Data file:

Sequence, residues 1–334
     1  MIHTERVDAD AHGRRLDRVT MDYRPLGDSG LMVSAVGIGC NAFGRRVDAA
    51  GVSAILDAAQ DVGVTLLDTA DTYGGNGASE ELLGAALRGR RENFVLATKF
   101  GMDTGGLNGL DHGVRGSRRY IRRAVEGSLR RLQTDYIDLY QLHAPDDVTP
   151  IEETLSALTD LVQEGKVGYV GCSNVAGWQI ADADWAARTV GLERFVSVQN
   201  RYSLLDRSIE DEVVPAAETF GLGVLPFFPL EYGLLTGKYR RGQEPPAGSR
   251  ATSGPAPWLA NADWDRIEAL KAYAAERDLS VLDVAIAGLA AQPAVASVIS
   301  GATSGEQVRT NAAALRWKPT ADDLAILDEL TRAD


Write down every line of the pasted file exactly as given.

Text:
Sequence, residues 1–334
     1  MIHTERVDAD AHGRRLDRVT MDYRPLGDSG LMVSAVGIGC NAFGRRVDAA
    51  GVSAILDAAQ DVGVTLLDTA DTYGGNGASE ELLGAALRGR RENFVLATKF
   101  GMDTGGLNGL DHGVRGSRRY IRRAVEGSLR RLQTDYIDLY QLHAPDDVTP
   151  IEETLSALTD LVQEGKVGYV GCSNVAGWQI ADADWAARTV GLERFVSVQN
   201  RYSLLDRSIE DEVVPAAETF GLGVLPFFPL EYGLLTGKYR RGQEPPAGSR
   251  ATSGPAPWLA NADWDRIEAL KAYAAERDLS VLDVAIAGLA AQPAVASVIS
   301  GATSGEQVRT NAAALRWKPT ADDLAILDEL TRAD